NBA issues memo to teams outlining tampering rules

NBA issues memo to teams outlining tampering rules

The NBA issued a memo to all teams outlining the league’s free-agency rules, including what team employees can and cannot say and do between now and the start of free-agency negotiations on Friday at 6 p.m. ET.

The memo, a copy of which was obtained by from a league source on the condition of anonymity, was sent to teams on Monday morning by Michael Levine, the NBA’s senior vice president of entertainment and marketing. It outlines permissible and non-permissible language that teams can use regarding their intentions regarding free agents, citing language from the collective bargaining agreement.

It comes as all 30 NBA teams were gearing up for a busy week that includes the 2020 NBA Draft and Friday’s start of free agency communications, and it is explicit when describing what teams can and cannot do and say.

“Note that teams may communicate with current or impending free agents beginning at 6:00 P.M. (ET) on November 19 solely for the purpose of scheduling a meeting to take place at or after 6:00 P.M. (ET) on November 20. Prior to 6:00 P.M. (ET) on November 20, teams are prohibited from making public statements regarding any such scheduled meetings or attempts to schedule any such meetings,” the memo reads.

This was sent out prior to the Milwaukee Bucks and Sacramento Kings agreeing to terms on a sign-and-trade deal that will send George Hill, Donte DiVincenzo, Ersan Ilyasova and D.J. Wilson to Sacramento for Bogdan Bogdanovic and Justin James (although the deal is now dead).

The trade, first reported by ESPN, involves a restricted free agent (Bogdanovic) and thus couldn’t become official until Sunday at 6 p.m. EST when the free-agency moratorium is lifted.

It is unknown whether the Bucks or Kings will be impacted by details of the deal becoming public prematurely. The NBA is reportedly investigating the situation. 

The memo outlines what teams should say in response to media inquiries regarding free agents.

“Examples of prohibited conduct include (but are not limited to) public statements by team personnel on the impending free agency of a team’s own player that address:

- The likelihood that the team will offer the player a contract during free agency;

- The amount or length of a potential future contract offer, including whether the player may be offered a 'max' contract; or

- Whether the team would be willing to go above the Salary Cap or the Tax Level in order to retain the player.

“If a team representative is asked by the media prior to 6:00 P.M. (ET) on November 20 about the free agency of a team’s own player, it is permissible to state the team’s general desire for the player to continue with the organization and/or the team’s intention to begin contract negotiations with the player beginning at or after 6:00 P.M. (ET) on November 20,” the memo states.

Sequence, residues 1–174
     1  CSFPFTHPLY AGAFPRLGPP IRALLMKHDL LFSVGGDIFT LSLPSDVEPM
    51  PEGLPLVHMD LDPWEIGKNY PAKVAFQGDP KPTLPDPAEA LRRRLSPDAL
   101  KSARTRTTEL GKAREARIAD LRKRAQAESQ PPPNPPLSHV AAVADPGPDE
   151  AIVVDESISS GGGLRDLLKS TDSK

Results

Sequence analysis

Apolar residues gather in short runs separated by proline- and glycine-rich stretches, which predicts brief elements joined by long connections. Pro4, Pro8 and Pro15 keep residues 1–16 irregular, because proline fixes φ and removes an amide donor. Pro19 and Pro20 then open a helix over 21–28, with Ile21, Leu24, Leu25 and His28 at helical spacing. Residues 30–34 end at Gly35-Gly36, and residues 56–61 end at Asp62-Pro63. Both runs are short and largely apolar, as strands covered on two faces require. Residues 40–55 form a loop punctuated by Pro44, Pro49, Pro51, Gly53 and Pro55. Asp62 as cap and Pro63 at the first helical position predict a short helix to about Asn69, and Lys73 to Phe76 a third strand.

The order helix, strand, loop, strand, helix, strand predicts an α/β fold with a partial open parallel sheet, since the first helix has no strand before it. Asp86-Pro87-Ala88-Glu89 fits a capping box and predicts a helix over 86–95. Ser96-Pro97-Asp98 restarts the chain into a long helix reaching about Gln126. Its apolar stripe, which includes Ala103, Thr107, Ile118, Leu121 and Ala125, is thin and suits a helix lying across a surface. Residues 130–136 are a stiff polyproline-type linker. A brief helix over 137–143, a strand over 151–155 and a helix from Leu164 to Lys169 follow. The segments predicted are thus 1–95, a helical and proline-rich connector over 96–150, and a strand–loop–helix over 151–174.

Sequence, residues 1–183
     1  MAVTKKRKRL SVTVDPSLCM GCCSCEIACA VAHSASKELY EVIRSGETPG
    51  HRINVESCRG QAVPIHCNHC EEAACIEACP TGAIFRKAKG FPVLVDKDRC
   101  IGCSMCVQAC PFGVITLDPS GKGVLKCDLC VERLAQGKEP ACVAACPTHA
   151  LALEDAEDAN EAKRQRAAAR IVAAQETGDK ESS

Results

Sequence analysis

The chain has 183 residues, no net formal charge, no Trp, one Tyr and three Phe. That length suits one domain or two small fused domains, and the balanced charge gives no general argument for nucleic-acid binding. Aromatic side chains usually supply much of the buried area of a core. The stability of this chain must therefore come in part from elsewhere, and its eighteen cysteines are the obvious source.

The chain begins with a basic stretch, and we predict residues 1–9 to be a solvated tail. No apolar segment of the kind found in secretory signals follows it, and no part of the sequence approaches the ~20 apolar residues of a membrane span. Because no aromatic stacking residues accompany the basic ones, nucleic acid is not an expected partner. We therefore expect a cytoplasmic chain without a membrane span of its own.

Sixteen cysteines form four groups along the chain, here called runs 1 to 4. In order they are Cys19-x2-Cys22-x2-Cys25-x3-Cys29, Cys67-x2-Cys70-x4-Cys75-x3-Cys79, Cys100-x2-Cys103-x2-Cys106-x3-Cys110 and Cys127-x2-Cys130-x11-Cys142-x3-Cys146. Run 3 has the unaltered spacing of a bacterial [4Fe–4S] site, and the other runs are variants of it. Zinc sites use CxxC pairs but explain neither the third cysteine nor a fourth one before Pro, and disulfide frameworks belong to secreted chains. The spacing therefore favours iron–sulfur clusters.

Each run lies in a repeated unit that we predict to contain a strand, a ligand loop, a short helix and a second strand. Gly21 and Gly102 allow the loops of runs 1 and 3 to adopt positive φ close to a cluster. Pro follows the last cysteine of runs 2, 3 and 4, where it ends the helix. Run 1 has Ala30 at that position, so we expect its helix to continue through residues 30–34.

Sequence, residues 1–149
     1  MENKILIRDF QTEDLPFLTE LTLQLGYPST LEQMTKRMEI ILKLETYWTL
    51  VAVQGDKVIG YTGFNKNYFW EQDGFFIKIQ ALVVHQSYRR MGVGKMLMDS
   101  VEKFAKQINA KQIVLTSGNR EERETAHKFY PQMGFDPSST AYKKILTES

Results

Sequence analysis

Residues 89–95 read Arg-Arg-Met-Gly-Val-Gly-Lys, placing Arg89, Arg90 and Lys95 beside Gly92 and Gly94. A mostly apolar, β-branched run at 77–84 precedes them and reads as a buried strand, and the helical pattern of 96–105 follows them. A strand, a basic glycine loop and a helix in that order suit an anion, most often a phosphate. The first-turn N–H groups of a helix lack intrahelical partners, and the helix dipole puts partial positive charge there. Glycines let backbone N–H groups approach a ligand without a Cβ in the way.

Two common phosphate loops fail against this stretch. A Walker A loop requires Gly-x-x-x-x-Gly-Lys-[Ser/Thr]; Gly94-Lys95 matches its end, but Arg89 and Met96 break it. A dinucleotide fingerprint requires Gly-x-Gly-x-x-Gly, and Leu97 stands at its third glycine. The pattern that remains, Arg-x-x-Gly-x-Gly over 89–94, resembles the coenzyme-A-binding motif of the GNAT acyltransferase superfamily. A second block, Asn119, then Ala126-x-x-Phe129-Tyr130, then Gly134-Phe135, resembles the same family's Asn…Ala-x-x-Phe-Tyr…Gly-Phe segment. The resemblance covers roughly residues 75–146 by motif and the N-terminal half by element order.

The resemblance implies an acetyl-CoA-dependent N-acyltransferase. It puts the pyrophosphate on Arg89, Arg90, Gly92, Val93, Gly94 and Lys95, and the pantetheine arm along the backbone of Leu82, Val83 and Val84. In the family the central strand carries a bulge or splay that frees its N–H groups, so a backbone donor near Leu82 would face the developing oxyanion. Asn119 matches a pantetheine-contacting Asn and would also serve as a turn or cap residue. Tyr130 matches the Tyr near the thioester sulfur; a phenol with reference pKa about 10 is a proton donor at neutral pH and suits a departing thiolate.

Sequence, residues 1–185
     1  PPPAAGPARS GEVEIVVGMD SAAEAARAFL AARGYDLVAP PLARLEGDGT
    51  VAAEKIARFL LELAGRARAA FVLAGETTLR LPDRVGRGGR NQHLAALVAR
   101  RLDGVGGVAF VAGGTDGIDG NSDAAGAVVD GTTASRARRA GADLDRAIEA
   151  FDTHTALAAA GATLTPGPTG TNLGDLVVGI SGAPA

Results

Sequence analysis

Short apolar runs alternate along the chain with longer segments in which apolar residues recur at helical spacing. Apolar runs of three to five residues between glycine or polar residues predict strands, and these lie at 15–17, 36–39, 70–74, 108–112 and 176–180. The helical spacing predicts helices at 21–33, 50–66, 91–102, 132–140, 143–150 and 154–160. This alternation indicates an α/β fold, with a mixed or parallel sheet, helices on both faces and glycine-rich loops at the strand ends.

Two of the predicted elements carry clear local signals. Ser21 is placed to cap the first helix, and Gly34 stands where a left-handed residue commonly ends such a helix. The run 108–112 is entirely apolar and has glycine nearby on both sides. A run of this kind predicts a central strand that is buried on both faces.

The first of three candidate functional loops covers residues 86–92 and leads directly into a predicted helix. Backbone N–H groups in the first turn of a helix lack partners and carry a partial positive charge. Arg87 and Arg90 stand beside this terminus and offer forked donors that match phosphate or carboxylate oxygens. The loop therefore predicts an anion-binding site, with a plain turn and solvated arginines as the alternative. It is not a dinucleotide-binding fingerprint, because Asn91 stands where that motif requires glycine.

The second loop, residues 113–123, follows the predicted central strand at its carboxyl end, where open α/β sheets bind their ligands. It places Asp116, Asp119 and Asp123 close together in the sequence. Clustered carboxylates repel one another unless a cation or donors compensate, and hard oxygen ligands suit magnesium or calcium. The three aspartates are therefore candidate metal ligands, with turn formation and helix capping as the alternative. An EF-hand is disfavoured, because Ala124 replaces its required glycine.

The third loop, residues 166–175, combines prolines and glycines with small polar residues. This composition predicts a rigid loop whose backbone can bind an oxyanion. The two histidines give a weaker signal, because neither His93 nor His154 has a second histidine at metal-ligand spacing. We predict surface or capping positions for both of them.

“Please note that while the above CBA provision permits teams to state they ‘desire,’ ‘hope,’ or ‘want’ to retain a Restricted Free Agent, it does not permit teams to state that they ‘will do everything under the CBA to retain’ or that they ‘will retain’ a Restricted Free Agent, because such statements amount to a prohibited statement that the team will match any future Offer Sheet for the player,” the memo reads.

Several team executives said the NBA has become lenient in recent years regarding media reports of upcoming trades, but there have been some tampering fines. The Los Angeles Lakers were fined $500,000 in 2017 after the Indiana Pacers filed a tampering complaint regarding communications between general manager Rob Pelinka and the agent for Paul George.

In 2018, Magic Johnson was fined $50,000 for these fairly innocuous comments he made regarding Giannis Antetokounmpo in 2018: “With his ball-handling skills and his passing ability. He plays above the rim. I never could do that. But in his understanding of the game, his basketball IQ, his creativity of shots for his teammates. That’s where we [have the] same thing. Can bring it down, make a pass, make a play. I’m just happy he’s starting in the All-Star game because he deserves thatAnd he’s going to be like an MVP, a champion, this dude he’s going to put Milwaukee on the map. And I think he’s going to bring them a championship one day.”

The Minnesota Timberwolves were fined $3.5 million and were forced to forfeit three future first-round picks in 2000 for secretly reaching a future free-agent agreement with Joe Smith.

The memo issued Monday also mentioned the possibility of a $250,000 fine for teams “considering, using, discussing or referring to data collected from wearable devices in negotiations regarding a player contract or other player transaction (e.g., a trade or waiver).”

Check out’s Offseason Tracker so you don’t miss any of transactions.

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